Alcohol ads still reaching youth on the radio
Almost 1 out of 11 radio ads for alcoholic beverages in 75 markets across the nation in 2009 failed to comply with the alcohol industrys voluntary standard for the placement of advertising, according to an analysis conducted by the Center on Alcohol Marketing and Youth (CAMY) at the Johns Hopkins Bloomberg School of Public Health.
In 2003, trade groups for beer and distilled spirits committed to placing alcohol ads in media venues only when underage youth comprise less than or equal to 30 percent of the audience, which means 30 percent of the listening audience is 20 years old or younger.
The CAMY analysis found that 9 percent of the noncompliant ads were aired in the 75 markets where nearly half of the audience is radio listeners 12 and older. Three brands aloneMiller Lite, Bud Light, and Coors Lightplaced more than half of these violating ads.
The National Research Council, the Institute of Medicine and 24 state attorneys general have called on the alcohol industry to beef up its standard and meet a proportional 15 percent placement standard, given the fact that the group most at risk for underage drinking12 to 20 year-oldsis approximately 15 percent of the U.S. population.
A 9 percent failure rate for an already weak standard means that a significant number of young people are being overexposed to alcohol advertising on the radio, said David Jernigan, PhD, lead author of the report, associate professor with the Bloomberg Schools Department of Health, Behavior and Society, and CAMY director. Reducing the voluntary standard to 15 percent would go a long way to keeping our young people safe and away from the undue influence of alcohol marketing. The influence of radio as a local media venue continues even in this dynamic digital age, as 93 percent of Americans ages 12 and older reported that they owned and/or used an AM/FM radio in 2011.
For this report, CAMY analyzed radio alcohol advertisements in 75 local markets across the United States in 2009, for which full-year data from a consistent survey methodology were available. These markets represent 46.5 percent of the U.S. population age 12 and above. Other key findings include:
In 2009, youth ages 12-20 were more likely per capita than adults to hear 32 percent of alcohol advertising placements.
Distilled spirits were the most common type of alcohol advertisements to overexpose youth audiences in Portable People Meter (PPM) markets. The PPM is a new method of measuring listening, in which survey participants agree to wear a small device that receives a special signal from each radio station. PPM allows for more precise measurement of actual listening because it does not depend on survey participants active recall and does not require them to record their listening behavior in a paper diary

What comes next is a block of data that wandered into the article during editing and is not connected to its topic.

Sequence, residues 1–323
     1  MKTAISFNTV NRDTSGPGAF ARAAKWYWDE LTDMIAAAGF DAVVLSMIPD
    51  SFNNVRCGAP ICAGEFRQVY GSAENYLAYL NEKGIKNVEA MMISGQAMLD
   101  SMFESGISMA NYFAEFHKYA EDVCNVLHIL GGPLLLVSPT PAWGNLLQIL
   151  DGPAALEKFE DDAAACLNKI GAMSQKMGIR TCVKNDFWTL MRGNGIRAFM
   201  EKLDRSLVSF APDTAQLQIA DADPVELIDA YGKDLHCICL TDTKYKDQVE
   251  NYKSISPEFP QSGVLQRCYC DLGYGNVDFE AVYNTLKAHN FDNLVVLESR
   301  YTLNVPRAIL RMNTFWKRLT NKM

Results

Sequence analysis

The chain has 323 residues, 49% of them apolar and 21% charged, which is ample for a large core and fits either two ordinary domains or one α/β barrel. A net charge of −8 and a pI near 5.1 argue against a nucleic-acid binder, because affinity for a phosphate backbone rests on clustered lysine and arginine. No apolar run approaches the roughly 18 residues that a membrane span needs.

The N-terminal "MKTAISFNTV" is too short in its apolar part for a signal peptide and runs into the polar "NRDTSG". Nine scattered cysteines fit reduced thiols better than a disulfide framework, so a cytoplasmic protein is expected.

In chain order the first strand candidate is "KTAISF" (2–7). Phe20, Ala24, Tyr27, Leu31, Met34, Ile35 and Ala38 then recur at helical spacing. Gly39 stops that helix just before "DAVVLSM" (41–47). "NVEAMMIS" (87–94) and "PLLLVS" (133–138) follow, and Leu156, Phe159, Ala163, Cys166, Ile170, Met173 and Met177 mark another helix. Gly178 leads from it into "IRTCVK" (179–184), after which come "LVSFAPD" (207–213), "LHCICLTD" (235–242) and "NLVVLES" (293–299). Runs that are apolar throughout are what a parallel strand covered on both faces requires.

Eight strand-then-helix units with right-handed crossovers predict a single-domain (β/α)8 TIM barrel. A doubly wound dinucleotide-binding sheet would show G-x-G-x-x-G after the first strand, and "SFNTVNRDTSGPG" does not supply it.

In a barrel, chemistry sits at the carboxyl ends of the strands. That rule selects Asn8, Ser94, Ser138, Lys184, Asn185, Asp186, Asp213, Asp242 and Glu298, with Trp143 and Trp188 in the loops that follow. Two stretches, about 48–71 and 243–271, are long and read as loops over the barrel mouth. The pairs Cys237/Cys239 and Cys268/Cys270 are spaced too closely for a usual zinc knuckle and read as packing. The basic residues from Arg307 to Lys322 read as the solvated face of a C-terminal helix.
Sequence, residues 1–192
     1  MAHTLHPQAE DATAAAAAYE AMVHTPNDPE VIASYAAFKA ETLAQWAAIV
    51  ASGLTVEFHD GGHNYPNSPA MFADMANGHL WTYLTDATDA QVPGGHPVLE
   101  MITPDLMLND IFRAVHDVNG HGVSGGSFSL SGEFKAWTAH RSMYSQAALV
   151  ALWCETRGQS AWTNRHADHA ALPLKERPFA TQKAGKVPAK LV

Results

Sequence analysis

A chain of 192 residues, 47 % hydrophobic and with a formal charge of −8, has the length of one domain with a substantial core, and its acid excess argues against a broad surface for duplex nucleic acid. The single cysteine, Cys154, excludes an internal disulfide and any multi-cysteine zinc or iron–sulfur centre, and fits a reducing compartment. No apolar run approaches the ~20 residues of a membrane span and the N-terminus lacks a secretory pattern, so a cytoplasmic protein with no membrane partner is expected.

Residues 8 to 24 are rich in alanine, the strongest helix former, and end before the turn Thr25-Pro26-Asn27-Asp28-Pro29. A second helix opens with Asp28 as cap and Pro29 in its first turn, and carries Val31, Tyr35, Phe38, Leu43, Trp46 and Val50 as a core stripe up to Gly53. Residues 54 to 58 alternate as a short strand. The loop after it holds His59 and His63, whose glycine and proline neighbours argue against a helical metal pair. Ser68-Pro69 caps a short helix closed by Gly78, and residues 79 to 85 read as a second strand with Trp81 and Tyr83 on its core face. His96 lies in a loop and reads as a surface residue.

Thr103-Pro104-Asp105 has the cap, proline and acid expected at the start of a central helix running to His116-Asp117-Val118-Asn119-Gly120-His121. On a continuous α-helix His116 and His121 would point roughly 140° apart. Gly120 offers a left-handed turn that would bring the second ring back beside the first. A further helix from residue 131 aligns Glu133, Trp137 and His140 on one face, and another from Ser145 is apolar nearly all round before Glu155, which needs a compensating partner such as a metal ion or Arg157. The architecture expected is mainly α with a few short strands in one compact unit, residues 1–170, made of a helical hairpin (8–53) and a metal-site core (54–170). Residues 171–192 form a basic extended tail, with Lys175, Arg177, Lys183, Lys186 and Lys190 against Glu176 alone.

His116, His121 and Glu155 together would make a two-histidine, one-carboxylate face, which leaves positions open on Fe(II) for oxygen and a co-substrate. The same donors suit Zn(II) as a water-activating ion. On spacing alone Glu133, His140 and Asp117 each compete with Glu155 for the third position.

In diary markets, where the PPM is not yet in use and where people kept a paper diary of radio listening in 15-minute increments throughout the day, beer and alcopops (flavored malt beverages) advertising was most likely to overexpose youth.
Fifteen brands garnered 25 percent or more of their exposure to youth in at least 10 percent of markets from advertising not in compliance with the industrys 30 percent standard.
In the majority of the 11 markets where Arbitrons Portable People Meters were deployed for all of 2009, girls ages 12 to 20 were more likely than boys of the same age to be exposed to advertising for alcopops, distilled spirits, and wine.
The perception that young people are only listening to music on their iPods, cell phones and the Internet is naive, said Jernigan. Radio is still a source of entertainment for youth and alcohol ads are still finding their way to too many young ears.
Alcohol use is the leading drug problem among youth in the United States. It is responsible for 4,600 deaths per year among young people under the age of 21. Every day, nearly 5,000 young people under the age of 16 take their first drink, and binge drinking (defined as consuming five or more drinks within 2 hours) accounts for more than 90 percent of the alcohol consumed by young people.
At least 13 longitudinal research studies have found that the more young people are exposed to alcohol marketing, the more likely they are to start drinking or, if already drinking, to drink more.